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The Middle East Coast

Derek Walmsley


Occasionally records pop up on email lists which, simply by virtue of their titles, beg to be heard. Raks Raks Raks: 17 Golden Garage Psych Nuggets From The Iranian 60s Scene certainly hit this mark. Indeed, at one point you wondered whether it was too good to be true; the title ticked so many boxes (garage, psych, Iranian, 60s…) you wondered if it was designed by some enterprising committee of music forgers. Indeed, there's virtually no independent info about the artists online. But not only does this stuff sound completely of the time, but after a bit of contact with the compilers there's a fascinating story behind it. Released on the Raks Discos label, it's a long running labour of love for Dutch and Turkish collectors, who jointly sent some responses to my questions.

The first question was how the hell they got wind of this music. "Knowing the fact that under the Shah's rule, that Iran had a relatively liberal entertainment scene, I always thought that there had to be music from the 60s and 70s which was influenced by the western rock and pop, crossing with local music." The last decade has seen some impressive Turkish psychedelic rock come to light, and it was in this context where they first came across Iranian material. Digging around for Turkish rock in the late 90s in Istanbul, they found a green vinyl disc on a label called T4 by a group called The Rebels: "When listening to it with Turkish friends they pointed me at the strange rhythm. ‘I saw her standing there’ the Beatles tune received a rhythmic workout that sounded more than impossible for European bands." But tracking down records in Iran itself proved extremely difficult for a number of reasons: language barriers, the government suspicion of pre-revolution culture, the collapse of the vinyl record industry, the difficulty of getting people to trust tall, caucasian record collectors, etc. Finally, in the mid-2000s, learning Persian started to unlock some of the secrets of records they were finding in junk shops.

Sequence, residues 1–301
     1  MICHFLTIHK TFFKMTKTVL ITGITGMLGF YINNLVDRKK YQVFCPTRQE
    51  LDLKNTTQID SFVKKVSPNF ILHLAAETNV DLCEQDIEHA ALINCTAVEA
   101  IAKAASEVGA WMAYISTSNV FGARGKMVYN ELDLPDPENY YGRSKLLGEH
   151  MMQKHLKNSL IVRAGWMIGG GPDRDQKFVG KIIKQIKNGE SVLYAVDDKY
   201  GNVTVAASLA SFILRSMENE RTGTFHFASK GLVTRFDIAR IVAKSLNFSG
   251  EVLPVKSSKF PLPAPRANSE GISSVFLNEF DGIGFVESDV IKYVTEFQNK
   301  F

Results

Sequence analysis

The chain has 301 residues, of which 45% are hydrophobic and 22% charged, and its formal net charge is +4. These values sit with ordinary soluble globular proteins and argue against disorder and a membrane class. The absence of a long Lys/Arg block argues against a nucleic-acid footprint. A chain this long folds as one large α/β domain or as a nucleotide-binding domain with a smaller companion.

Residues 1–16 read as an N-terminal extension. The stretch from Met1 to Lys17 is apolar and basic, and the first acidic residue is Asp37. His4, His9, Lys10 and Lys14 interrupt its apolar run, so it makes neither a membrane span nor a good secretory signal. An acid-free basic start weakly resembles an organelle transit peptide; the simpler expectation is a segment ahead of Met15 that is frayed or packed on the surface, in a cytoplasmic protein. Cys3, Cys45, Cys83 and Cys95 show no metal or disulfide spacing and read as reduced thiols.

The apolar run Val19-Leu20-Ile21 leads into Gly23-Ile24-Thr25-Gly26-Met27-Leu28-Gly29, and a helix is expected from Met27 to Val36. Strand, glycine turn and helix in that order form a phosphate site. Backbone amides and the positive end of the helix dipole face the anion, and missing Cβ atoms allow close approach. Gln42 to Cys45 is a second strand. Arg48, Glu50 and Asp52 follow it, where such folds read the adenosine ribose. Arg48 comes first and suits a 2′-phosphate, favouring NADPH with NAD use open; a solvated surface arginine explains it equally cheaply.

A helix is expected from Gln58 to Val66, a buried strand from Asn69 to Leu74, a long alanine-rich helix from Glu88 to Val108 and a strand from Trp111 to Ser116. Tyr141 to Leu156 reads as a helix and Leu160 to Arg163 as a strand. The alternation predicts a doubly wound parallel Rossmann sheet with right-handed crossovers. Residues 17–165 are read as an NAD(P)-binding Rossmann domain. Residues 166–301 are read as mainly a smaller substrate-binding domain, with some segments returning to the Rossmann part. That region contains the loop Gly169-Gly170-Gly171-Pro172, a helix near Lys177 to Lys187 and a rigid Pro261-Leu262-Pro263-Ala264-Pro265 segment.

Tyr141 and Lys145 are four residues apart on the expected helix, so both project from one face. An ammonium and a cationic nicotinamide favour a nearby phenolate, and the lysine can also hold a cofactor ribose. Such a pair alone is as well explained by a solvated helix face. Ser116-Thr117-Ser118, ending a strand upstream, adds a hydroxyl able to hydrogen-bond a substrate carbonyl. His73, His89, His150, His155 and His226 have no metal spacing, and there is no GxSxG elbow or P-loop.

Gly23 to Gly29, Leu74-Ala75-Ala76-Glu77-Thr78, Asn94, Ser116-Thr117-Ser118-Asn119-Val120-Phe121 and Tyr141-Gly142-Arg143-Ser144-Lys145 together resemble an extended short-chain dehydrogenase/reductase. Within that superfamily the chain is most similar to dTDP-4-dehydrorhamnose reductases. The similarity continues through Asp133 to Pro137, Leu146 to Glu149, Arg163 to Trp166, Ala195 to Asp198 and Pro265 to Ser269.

Before the revolution, the Shah’s rule was supported by the West, and certain areas of society were almost slavishly anglophile. "Most usually the people involved in the scene were youngsters from the urban middle class with good education and who could have access to buying electric equipment and drum sets which were expensive posessions and very hardly available to non-professional musicians. The bands are mostly from Tehran, the capital city, followed by Isfahan, Tebriz and Shiraz which had liberal families." Although 60s music was not large commercially, it was nonetheless a busy little scene: "Only a couple of bands, such as The Rebels and The Golden Ring captured the interest of the record buying public with one or two records. Other than that, all other bands have been poorly self-produced with very low sales. It's obvious they were favored more by live audiences." The scene was helped by vinyl records being extremely easy to produce: "Iran was never part of the worldwide copyright networks, pre and after revolution, which helped the prices of the phonogram discs to be very cheap coupled with the fact that Iran being one of the prime producers of petroleum products, such as vinyl."

Nonetheless, the vinyl industry eventually collapsed, and the years of internal strife and external conflict pushed the 60s music scene to the back of the collective cultural memory. "The 1979 revolution changed a lot of things, music being one of them. Shah-era music, save for instrumental classical or religious music, was banned and especially items with female singing on them were confiscated wherever possible. As we said, vinyl was out of the window as early as 1976 anyway. The first years of Islamic rule were incredibly harsh which also surprised a lot of locals who did not think it would be this hard. Add to that the devastating eight years of war with Iraq, nobody cared for the recent musical past in those years and it has always been forbidden to sell these materials at any shop."

The music itself is almost impossible to dislike: rattling garage tracks with mostly Persian lyrics, lightly wayward tuning but a very slight sense of drone. For me it's more surf influenced than genuinely psychedelic, but it’s got a certain grit which is nothing like the candy pop confections of the West Coast surf guitar scene. The collectors describe themsevelves as interested in "that fantastic moment the ‘new’ music entered countries that do not come up in our minds as we are referring to early rock or garage music", and Raks Raks Raks certainly has an intangible weirdness – not quite Western, not quite Eastern. The music is almost as strange as the story of how it was unearthed.

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